Author Topic: EMC pre-compliance antennas in Australia  (Read 927 times)

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Offline liteyear

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EMC pre-compliance antennas in Australia
« on: June 08, 2020, 04:59:53 am »
In a similar vein to this thread, I'm building a very basic EMC pre-compliance setup to use in a professional setting. I have an SSA3021X Plus, a set of H/E probes and a current probe on the way. Based on the advice from copious guides out there, a LISN and maybe a TEM have to be next on the shopping list.

In the meantime, I'm trying to get my head around a basic antenna setup for DUT that won't fit in a TEM. I'm certainly not looking to replicate a test house. Instead I'm looking right down the end of the spectrum towards "good enough for a first pass".

I've seen the Aaronia antennas, which look fantastic, but from what I can see are an unnecessarily large step up in price from the "rabbit ears" style that Ken Wyatt and co tend to recommend. And here's where the endless rabbit warren search starts! These style of antennas are very regional specific, given the economies of scale that have driven them. After a billion laps around the Google, I've come up with this combo:


[attach=3][attach=4]

Both options suffer and benefit from commoditisation. They're cheap, go by various names, and specifications are difficult to be sure about.

Can you see any reason why these would not be suitable? Are bigger antennas, like a Tecsun Discone Q3071 and an RFI LPDA7030-11 combo better?

[attach=1][attach=2]
 

Offline Pitrsek

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Re: EMC pre-compliance antennas in Australia
« Reply #1 on: June 08, 2020, 04:35:15 pm »
Cheapest I could find was the tekbox antenna. If you can spare the low end extension, there is a small version of AAronia bicolog, not much more expensive then tekbox. Which current probe did you ordered?
 

Offline julianhigginson

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Re: EMC pre-compliance antennas in Australia
« Reply #2 on: June 10, 2020, 07:30:00 am »
Can you walk us through what exactly you expect to be able to do with this antenna?  Like, where you will use it and what kind of signal you'll see with it exactly?

I have a fair bit of tekbox EMC gear now that I use for precompliance testing, because they're good bang for buck - but I don't have their antenna because even though I've considered it a few times, it's not going to do much that I need.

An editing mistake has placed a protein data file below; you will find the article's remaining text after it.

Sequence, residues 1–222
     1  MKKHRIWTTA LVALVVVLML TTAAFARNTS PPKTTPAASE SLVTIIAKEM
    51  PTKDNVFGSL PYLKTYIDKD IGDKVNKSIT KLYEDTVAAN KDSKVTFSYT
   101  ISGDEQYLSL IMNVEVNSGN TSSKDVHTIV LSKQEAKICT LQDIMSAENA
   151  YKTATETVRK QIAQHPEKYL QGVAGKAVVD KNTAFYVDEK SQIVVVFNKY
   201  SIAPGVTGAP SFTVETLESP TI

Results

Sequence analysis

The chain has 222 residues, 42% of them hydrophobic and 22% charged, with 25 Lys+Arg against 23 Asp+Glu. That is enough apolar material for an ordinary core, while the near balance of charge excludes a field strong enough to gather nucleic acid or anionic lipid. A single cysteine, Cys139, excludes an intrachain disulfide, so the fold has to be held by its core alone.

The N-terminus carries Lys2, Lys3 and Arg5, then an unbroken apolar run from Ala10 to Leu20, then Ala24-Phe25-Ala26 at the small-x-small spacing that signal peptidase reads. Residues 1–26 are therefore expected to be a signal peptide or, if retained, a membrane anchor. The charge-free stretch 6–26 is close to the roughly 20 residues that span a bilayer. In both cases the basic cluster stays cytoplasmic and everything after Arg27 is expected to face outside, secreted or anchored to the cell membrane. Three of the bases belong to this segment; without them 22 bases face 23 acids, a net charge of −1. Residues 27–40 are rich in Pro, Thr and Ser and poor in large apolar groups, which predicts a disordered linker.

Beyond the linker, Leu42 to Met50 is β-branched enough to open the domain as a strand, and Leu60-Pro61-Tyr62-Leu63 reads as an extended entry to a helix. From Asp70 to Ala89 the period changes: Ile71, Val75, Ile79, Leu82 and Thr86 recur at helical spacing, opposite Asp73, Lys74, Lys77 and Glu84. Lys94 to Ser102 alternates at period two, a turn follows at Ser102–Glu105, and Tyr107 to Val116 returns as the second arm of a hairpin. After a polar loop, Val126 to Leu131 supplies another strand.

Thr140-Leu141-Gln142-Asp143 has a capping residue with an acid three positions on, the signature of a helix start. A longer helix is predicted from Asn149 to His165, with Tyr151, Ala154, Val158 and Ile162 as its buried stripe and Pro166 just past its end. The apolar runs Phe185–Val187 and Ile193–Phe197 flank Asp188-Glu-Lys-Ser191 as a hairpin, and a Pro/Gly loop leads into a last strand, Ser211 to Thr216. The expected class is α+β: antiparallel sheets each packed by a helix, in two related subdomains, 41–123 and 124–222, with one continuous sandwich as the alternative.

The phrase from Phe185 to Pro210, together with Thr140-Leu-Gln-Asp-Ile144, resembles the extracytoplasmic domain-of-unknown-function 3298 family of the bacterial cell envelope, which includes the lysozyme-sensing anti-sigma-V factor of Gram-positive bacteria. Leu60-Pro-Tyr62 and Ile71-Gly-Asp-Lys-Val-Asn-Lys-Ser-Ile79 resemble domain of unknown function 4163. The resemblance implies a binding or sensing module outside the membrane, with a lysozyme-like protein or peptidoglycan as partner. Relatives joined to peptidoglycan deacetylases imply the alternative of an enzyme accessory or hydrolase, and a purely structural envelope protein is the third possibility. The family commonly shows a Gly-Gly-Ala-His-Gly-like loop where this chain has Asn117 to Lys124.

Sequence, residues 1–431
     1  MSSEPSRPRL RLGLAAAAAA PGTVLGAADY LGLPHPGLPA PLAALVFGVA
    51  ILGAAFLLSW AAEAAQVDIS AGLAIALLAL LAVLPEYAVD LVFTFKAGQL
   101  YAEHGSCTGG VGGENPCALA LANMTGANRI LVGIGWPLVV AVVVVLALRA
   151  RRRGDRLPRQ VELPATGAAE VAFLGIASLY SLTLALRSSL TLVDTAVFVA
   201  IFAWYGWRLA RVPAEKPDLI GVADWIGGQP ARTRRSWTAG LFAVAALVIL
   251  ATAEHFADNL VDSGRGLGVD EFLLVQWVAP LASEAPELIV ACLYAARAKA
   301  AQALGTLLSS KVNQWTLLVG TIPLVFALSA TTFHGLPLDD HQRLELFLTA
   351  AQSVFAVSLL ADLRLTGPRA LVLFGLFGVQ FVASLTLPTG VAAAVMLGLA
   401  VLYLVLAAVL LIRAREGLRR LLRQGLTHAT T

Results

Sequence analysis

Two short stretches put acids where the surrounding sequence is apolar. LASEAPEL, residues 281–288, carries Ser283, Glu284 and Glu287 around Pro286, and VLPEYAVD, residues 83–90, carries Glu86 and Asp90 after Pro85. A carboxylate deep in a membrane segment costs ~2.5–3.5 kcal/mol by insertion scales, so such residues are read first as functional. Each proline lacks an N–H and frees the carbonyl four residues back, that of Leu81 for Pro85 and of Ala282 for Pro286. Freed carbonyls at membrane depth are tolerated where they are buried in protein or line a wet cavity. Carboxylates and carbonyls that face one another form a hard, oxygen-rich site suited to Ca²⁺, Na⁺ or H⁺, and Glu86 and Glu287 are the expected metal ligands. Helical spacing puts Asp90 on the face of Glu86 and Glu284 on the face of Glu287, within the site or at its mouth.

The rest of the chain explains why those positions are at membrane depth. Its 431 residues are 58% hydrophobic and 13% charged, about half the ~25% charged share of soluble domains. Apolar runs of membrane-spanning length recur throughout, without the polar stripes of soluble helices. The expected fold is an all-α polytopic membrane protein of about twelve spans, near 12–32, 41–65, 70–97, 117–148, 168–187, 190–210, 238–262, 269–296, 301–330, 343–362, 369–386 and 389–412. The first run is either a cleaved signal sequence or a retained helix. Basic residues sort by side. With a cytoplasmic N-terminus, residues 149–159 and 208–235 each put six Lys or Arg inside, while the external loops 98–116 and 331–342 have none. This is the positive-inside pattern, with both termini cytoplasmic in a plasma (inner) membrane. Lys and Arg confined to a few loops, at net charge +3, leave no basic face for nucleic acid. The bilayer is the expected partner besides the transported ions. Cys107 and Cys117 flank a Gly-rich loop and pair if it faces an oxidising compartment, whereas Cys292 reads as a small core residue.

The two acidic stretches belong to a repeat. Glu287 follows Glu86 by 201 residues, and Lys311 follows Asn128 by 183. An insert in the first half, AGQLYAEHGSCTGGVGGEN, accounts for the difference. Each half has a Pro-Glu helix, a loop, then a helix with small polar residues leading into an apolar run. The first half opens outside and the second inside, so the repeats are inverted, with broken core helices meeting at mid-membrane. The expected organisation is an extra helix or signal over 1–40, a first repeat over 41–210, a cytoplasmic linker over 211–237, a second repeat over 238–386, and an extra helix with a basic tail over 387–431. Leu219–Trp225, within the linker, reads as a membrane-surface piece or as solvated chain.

At the end of the day, unless you have a good and complete setup for measuring with an antenna, anything you catch with even a calibrated antenna is unknown, because:
1) Add in unknown reflections and resonances in the space you're working in, and then the calibration of the antenna becomes irrelevant... so you need a calibrated anechoic chamber or an OATS. not a regular electronics lab.
2) With no isolation from the rest of the world, you'll spend an awful lot of time turning stuff on and off in order to try and work out what's even your DUT, and what's just crap in the environment. (actually that happens in anechoic chambers I've been in, too.. just not so much)

And that's why the internet EMC experts don't tell you to buy thousands of $ in antennas for a basic DIY test setup.


Neither of those antennas from bunnings or rfshop look that great to me for EMC purposes.. you don't know what their operating range is even meant to be

OK you can guess, 700MHz to up past 2.45G for the rfshop one, based on what they say it's goot to use for, but can you be sure it has no bad blind spots where it's deliberately filtering out bands that aren't of interest to its purpose as a radio signal antenna in order to make it more interference proof? at least the tekbox antenna basically gives you that whole range it's specced for.

I'm not even sure what to expect from a digital TV antenna with an amp like the bunnings one...

Does your spectrum analyser have a tracking generator? if it does, you could buy two of these rfshop antennas and set them up maybe 5m apart in a football field, pointing right at each other, polarised the same way... maybe with an rf amp to drive the TX antenna for better noise immunity (watch out for breaking rf regulations!)  then you could try to run sweeps and measure the frequency response of them as a pair... assuming they are each responding the same way (Tx response same as RX response) then you might infer a frequency response of those antennas?

But if you want to do that, I'd probably start instead with a handful of doubles of the log periodic antennas from here...  https://www.wa5vjb.com/ they are probably close to what's actually inside the aaronia LP units... but with no calibration or nice housings or anything else.